The cint filter calculates and processes music based on counterpoint modules. See the full technical documentation for cint on the Humdrum Extras website for all options.
Counterpoint modules consist of four notes in two simultaneous voices that form a module of two harmonic and two melodic intervals. The filter name cint can mean either counterpoint intervals or composite melodic/harmonic intervals, and functions as a generalization of the hint (harmonic intervals) and mint (melodic intervals) tools of the original Humdrum Toolkit.
Below is an example of a module. The first measure in the example below represents a pair of notes being sounded together in two separate voices. These four notes comprise four intervals illustrated in the second measure. the red marks indicate the melodic intervals, and the blue marks indicate the harmonic intervals.
Given any three intervals in the module, the fourth can be calculated automatically, so measure three gives an illustration of the typical description of a module which omits the top melodic interval and would be written inline as “10 -2 12”, which means that the module starts with a harmonic interval of a 10th, then the lower voice moves down by a second and forms a harmonic interval of a 12th with the upper voice (which implicitly had to move up a step to form the 12th).
The cint filter can describe intervals in other units such as twelve-tone and base-40, as well as chromatically altered diatonic intervals, and allow for octave collapsing of the harmonic intervals and note-attack configurations.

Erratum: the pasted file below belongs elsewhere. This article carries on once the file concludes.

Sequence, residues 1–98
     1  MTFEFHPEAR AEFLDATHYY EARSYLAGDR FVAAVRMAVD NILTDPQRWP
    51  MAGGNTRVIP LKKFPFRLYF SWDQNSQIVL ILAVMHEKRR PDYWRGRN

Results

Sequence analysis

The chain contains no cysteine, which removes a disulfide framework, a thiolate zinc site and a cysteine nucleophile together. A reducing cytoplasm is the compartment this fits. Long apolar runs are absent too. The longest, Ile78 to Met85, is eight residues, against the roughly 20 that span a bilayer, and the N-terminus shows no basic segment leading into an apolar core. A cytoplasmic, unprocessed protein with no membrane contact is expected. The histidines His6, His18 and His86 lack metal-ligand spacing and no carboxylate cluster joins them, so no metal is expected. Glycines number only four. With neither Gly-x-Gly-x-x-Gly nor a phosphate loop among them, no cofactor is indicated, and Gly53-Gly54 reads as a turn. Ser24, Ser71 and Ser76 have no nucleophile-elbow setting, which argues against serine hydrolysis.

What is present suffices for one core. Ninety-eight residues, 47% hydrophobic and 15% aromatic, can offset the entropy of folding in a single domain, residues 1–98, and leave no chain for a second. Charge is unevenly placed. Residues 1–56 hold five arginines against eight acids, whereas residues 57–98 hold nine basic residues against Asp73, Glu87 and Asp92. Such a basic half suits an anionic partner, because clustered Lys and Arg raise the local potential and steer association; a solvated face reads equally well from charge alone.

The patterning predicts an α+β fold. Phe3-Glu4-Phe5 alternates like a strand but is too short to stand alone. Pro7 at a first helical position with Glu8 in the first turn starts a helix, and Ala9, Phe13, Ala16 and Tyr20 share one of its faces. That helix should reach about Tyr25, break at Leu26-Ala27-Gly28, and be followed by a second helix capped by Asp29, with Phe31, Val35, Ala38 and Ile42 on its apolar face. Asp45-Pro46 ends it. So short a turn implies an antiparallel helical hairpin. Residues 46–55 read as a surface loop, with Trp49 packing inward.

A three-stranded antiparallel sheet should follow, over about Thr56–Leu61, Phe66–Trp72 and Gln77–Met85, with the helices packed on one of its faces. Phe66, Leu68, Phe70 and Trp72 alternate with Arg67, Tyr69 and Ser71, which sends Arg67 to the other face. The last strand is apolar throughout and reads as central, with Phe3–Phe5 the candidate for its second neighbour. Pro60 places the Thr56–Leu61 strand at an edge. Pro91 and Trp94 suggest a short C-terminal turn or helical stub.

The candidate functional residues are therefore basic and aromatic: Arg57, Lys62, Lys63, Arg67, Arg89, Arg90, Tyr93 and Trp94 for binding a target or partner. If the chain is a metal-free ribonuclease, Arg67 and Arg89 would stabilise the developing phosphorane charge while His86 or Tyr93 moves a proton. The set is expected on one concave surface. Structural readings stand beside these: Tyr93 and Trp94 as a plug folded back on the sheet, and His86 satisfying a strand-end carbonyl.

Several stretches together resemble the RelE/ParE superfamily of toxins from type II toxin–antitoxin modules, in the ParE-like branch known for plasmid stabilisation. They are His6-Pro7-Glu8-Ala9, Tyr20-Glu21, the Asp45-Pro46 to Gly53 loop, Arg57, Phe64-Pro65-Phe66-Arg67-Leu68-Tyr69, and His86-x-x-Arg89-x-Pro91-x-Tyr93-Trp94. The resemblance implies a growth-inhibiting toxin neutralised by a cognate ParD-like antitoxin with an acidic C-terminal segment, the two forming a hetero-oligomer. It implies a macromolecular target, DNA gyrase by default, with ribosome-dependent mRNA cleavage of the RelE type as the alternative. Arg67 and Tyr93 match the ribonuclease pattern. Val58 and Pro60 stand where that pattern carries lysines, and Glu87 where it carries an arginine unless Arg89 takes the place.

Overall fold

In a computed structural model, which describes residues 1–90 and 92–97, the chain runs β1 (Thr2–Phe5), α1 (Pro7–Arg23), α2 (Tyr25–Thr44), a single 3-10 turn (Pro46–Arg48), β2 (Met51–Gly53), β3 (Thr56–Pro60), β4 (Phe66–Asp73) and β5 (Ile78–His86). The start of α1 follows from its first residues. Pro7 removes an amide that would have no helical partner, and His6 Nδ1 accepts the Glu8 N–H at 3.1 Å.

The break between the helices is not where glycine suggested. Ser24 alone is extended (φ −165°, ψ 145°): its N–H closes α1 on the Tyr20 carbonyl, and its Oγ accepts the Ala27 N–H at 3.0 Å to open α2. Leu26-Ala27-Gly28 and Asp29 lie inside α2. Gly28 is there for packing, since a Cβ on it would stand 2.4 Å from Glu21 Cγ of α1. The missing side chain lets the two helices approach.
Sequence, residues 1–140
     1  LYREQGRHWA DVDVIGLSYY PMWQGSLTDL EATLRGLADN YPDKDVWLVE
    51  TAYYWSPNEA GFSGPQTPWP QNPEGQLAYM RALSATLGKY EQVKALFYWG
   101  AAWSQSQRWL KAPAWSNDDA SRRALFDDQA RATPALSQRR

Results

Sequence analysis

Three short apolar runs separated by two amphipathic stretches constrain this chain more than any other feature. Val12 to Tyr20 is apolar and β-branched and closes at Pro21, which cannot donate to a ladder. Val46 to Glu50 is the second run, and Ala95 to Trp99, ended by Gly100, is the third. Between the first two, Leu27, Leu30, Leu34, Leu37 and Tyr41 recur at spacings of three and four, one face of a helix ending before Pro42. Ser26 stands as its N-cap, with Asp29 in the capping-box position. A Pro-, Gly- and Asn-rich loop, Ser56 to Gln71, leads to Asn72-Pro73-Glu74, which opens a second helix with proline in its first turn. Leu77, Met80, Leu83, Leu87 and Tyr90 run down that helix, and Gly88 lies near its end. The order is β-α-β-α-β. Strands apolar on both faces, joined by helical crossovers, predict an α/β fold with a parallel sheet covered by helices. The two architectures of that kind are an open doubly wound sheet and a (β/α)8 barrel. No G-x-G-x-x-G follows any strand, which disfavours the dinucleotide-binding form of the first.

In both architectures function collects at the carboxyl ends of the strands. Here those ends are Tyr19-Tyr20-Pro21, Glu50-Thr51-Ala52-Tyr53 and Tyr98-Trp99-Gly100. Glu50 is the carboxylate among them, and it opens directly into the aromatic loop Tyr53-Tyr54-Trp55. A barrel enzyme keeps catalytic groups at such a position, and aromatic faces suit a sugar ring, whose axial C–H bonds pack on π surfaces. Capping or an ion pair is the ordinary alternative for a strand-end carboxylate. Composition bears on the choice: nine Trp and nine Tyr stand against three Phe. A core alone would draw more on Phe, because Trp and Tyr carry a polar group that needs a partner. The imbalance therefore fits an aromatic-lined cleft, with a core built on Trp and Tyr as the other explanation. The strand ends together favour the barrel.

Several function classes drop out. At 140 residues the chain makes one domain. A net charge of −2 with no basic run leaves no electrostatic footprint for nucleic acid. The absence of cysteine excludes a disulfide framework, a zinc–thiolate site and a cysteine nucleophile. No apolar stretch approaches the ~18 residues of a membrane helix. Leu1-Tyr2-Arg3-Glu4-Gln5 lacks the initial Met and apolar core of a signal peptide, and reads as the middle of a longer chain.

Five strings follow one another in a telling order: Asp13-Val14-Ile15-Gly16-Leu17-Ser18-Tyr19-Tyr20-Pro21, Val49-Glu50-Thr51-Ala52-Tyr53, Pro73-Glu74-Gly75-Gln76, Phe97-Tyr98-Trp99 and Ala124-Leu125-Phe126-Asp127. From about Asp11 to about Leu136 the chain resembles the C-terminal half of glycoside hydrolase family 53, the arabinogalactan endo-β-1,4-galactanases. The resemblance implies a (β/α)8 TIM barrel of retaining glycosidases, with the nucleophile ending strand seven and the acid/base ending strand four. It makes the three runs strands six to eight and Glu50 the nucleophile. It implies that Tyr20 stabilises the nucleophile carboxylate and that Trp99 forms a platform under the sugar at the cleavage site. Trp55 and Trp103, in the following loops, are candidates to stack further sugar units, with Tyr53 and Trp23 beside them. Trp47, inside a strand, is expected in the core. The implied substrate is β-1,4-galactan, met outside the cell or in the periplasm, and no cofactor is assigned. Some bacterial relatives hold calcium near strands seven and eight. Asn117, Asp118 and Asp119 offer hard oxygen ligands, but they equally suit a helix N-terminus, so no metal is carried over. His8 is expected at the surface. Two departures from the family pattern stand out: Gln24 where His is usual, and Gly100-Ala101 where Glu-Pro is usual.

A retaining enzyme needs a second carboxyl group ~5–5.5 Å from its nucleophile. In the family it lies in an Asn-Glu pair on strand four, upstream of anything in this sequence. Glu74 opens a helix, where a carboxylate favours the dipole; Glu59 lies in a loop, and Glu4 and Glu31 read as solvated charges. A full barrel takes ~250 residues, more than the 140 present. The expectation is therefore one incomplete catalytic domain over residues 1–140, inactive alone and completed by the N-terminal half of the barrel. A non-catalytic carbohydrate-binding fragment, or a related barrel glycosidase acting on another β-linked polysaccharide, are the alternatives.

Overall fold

Searching for stepwise rising parallel thirds/tenths
Here is an example of searching for parallel thirds in contrapuntal music. The basic counterpoint module for parallel thirds going up by step is “3 2 3”. The filter used in the following example is:
!!!filter: cint -O --search "3 2 3"
-O option is used to collapse compound intervals such as a 10th to 3rd, removing
octave transpositions of the basic intervals. Click on the examples below to load the
same data and filter into VHV.
Searching for parallel thirds with note attacks only.
Adding note attacks with the
-x option will allow searching harmonic intervals based
on whether or not the notes were attacked (
x) or sustained (
s). Searching only for
parallel thirds where both voices’s notes attack together would be “3xx 2 3xx”:
!!!filter: cint -x -O --search "3xx 2 3xx"
or when merging parameterless options:
!!!filter: cint -xO --search "3xx 2 3xx"
Notice that the parallel thirds in measure 11 are no longer highlighted since the parallel thirds motion was entered with a sustained note in one voice.
Longer chains of modules can be searched by adding the
-n # option, where
# is the
number of elided modules calculated for the search. For example, using
-n 2 in the
cint filter will only match to two successive parallel third motions up by step by three
pairs of notes in each voice:
!!!filter: cint -xO -n 2 --search "3xx 2 3xx 2 3xx"
Notice that there are fewer matches since single parallel motions modules are ignored.
$such as “^3xx 2 3xx$`; when -n2 is used, this search will return no matches since it is a length-1 module sequence.
Descending parallel thirds
-2 as the melodic interval when searching for descending parallel thirds:
!!!filter: cint -xO -n 2 --search "3xx -2 3xx -2 3xx"
Directionless stepwise parallel thirds
-?2 as the melodic interval when searching for parallel thirds that either
go up or down by step.
!!!filter: cint -xO -n 2 --search "3xx -?2 3xx -?2 3xx"
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